“Making the Desert Bloom”: Unconventional water and reconfiguring agri-social relations in Israel

Authors: Gretchen Sneegas*, Texas A&M University
Topics: Cultural and Political Ecology, Food Systems, Water Resources and Hydrology
Keywords: agriculture, water security, Israel, water reuse, political economy
Session Type: Virtual Paper
Day: 4/7/2021
Start / End Time: 1:30 PM / 2:45 PM
Room: Virtual 38
Presentation File: No File Uploaded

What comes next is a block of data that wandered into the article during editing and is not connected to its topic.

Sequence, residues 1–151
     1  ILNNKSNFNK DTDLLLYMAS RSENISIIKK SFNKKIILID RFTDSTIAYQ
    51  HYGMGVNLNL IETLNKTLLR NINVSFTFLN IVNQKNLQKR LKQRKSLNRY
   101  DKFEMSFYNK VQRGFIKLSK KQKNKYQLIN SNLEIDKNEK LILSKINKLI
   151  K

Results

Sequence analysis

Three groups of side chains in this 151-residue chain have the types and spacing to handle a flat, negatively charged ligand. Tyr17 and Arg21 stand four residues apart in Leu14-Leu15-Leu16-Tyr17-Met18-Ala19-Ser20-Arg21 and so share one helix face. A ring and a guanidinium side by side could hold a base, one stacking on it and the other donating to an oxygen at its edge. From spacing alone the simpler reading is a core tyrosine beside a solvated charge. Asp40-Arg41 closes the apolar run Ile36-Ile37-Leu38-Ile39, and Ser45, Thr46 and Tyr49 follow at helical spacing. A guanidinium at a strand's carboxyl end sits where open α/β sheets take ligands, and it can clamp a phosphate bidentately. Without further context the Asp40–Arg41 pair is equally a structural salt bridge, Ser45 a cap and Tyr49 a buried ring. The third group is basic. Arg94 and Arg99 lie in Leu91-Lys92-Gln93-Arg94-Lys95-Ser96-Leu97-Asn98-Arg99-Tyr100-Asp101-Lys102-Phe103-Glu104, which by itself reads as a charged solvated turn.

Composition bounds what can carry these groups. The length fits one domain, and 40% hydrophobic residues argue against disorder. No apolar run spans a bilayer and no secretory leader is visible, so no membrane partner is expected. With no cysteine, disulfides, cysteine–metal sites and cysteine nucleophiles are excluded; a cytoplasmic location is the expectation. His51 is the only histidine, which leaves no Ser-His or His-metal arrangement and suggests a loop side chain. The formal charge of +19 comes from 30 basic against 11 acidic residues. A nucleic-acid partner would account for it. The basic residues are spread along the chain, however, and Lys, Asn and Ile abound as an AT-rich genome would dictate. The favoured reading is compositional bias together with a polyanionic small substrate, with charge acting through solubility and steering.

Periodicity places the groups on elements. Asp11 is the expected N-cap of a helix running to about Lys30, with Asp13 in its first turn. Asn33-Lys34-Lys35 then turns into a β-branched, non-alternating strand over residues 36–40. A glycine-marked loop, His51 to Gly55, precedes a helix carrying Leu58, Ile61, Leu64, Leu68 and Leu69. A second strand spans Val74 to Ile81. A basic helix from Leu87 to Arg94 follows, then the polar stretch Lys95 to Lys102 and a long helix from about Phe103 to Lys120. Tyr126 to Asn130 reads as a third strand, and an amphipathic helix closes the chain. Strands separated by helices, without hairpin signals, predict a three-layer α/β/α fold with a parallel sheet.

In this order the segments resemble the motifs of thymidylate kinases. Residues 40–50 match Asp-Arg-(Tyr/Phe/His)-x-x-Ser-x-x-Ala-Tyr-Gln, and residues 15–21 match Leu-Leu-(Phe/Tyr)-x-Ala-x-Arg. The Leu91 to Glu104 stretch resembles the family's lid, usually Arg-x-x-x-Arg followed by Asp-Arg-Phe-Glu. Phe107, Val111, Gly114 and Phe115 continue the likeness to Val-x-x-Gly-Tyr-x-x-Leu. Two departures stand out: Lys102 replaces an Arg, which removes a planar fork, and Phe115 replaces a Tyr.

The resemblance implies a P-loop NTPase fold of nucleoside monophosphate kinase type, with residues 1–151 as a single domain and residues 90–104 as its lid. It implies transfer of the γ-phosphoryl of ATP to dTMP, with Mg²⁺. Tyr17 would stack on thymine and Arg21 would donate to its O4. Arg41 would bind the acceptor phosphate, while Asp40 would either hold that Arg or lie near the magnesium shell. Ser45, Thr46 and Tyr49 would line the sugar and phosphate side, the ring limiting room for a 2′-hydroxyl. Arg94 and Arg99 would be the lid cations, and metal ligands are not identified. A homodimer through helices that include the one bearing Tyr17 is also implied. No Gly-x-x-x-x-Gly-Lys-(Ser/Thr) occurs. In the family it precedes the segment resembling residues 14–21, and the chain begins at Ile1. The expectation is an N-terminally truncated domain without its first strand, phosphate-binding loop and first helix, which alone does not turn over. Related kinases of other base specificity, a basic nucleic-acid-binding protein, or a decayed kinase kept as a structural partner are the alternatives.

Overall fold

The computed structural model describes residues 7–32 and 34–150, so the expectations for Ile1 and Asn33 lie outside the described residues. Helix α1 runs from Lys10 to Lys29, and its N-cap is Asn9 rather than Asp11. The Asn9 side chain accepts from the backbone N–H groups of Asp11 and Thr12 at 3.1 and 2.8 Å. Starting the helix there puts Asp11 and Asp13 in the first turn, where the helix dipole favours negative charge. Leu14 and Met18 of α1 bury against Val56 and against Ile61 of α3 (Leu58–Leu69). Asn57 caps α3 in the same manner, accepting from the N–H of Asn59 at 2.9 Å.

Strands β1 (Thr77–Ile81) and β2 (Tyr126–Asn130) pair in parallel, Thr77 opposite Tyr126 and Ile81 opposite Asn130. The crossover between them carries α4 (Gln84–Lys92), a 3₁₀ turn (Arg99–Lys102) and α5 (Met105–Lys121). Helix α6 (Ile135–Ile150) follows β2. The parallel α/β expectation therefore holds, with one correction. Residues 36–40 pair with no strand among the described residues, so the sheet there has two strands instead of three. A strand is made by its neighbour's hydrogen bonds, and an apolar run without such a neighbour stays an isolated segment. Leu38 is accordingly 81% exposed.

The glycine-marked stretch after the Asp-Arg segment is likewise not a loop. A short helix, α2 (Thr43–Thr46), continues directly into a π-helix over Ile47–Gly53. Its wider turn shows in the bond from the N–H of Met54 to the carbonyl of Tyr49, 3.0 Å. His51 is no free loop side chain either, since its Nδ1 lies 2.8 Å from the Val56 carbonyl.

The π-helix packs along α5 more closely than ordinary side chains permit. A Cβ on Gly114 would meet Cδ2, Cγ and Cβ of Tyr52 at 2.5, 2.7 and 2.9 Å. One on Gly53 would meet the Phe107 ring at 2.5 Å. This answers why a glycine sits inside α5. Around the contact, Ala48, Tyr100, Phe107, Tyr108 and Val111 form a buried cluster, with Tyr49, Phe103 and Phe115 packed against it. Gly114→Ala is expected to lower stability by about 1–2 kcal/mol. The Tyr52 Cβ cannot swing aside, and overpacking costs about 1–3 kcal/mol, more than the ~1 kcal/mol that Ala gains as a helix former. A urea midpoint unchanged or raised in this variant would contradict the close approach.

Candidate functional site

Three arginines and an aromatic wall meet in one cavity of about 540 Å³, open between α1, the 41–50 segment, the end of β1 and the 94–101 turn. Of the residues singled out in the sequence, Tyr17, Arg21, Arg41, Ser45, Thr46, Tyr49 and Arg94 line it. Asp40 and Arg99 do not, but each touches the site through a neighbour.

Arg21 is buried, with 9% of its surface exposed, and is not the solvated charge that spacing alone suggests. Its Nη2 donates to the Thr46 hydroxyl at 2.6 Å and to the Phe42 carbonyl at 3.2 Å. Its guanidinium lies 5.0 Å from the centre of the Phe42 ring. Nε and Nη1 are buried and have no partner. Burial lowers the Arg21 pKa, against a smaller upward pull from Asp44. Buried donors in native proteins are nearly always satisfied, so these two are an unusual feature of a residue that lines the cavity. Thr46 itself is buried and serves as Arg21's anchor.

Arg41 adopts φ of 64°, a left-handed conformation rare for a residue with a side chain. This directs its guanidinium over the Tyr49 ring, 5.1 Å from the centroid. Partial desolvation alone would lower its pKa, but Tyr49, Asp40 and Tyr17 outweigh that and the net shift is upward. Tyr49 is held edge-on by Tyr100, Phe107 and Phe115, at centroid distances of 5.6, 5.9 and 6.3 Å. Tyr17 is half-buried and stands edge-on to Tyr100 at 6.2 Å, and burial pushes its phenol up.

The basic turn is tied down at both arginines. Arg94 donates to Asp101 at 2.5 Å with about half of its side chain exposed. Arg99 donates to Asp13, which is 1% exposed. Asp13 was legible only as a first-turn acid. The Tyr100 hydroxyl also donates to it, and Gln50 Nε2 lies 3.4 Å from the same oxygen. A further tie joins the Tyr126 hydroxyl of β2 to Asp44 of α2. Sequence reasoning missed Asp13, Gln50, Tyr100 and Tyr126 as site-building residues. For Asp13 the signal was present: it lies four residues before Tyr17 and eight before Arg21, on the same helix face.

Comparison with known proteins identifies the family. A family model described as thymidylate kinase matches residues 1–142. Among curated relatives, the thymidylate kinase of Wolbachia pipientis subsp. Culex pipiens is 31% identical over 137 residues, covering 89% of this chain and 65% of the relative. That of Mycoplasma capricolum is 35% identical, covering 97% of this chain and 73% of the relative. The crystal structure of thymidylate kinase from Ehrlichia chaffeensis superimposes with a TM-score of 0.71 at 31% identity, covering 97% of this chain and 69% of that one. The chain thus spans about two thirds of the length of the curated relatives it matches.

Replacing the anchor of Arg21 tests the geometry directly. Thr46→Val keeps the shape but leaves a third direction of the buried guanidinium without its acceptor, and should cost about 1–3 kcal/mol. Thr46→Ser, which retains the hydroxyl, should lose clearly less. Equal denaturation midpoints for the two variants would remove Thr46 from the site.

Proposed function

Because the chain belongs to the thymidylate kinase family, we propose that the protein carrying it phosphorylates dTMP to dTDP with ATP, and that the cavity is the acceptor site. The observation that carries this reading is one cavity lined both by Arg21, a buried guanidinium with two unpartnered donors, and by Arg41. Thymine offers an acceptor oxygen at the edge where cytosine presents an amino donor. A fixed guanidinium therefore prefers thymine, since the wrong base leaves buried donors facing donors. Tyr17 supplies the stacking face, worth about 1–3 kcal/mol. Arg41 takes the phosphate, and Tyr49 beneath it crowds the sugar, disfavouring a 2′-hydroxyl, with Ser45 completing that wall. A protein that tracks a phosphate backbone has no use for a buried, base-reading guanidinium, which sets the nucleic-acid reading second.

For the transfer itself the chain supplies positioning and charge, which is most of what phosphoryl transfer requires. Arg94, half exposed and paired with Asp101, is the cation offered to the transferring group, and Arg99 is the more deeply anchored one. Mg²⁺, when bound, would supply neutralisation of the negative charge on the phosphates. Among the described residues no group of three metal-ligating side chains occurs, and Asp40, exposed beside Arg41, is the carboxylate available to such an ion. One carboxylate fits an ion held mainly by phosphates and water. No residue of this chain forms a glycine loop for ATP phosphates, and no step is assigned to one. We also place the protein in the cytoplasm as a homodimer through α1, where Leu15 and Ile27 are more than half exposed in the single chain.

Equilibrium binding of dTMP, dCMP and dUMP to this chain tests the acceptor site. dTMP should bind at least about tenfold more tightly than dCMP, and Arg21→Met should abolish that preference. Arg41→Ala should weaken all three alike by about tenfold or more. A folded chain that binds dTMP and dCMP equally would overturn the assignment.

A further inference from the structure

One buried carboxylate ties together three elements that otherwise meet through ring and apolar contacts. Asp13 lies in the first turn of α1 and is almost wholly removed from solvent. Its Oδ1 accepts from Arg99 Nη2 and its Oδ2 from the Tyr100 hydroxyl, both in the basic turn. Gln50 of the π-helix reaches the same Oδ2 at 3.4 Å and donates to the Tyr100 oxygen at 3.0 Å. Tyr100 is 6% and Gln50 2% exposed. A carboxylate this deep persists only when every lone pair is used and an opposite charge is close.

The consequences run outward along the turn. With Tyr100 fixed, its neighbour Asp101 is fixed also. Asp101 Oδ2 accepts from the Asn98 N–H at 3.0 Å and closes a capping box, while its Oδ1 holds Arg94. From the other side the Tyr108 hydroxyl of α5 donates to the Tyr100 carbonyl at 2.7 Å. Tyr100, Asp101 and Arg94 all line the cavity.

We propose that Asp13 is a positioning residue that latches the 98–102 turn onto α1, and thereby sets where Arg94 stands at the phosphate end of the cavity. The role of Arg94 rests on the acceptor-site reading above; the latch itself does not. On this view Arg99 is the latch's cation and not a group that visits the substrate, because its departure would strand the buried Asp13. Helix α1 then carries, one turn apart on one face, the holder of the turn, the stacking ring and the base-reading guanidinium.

As climate change and population growth increase pressures on urban water availability, affordability, and quality, farmers too must contend with the consequences of water insecurity for agricultural production. “New” or unconventional water produced with such technologies as desalination and water recycling are increasingly considered for augmenting water supply in water insecure regions. This paper examines Israel as a case study where desalination and water reuse technologies are now deeply embedded within the country’s highly inter-connected water and agri-food systems: today, Israel sources almost 40% of its annual water consumption from marine desalination and treats close to 90% of its wastewater, with virtually all of Israel’s treated effluent used for agricultural irrigation. Israel has emerged over the last 15 years as a global leader in the water technology sector, exporting their expertise, systems, and technologies internationally. Drawing from emergent scholarship at the intersection of geography, sustainable transitions, and political economy literatures, this paper considers the intersection of agri-food and unconventional water to ask how radical changes across the Israeli water sector are concurrently reshaping the country’s agricultural landscapes across material and socio-historical domains. I answer this question by tracing the journey of water from the Mediterranean sea to commercial farms in the Negev, theorizing its transformations and translations across geopolitical, biophysical, and scalar boundaries. Illustrated with results from preliminary fieldwork with key Israeli stakeholders and document review, I demonstrate how unconventional water-production technologies are reconfiguring agri-social relations while shaping possible sustainable futures within and beyond Israel.

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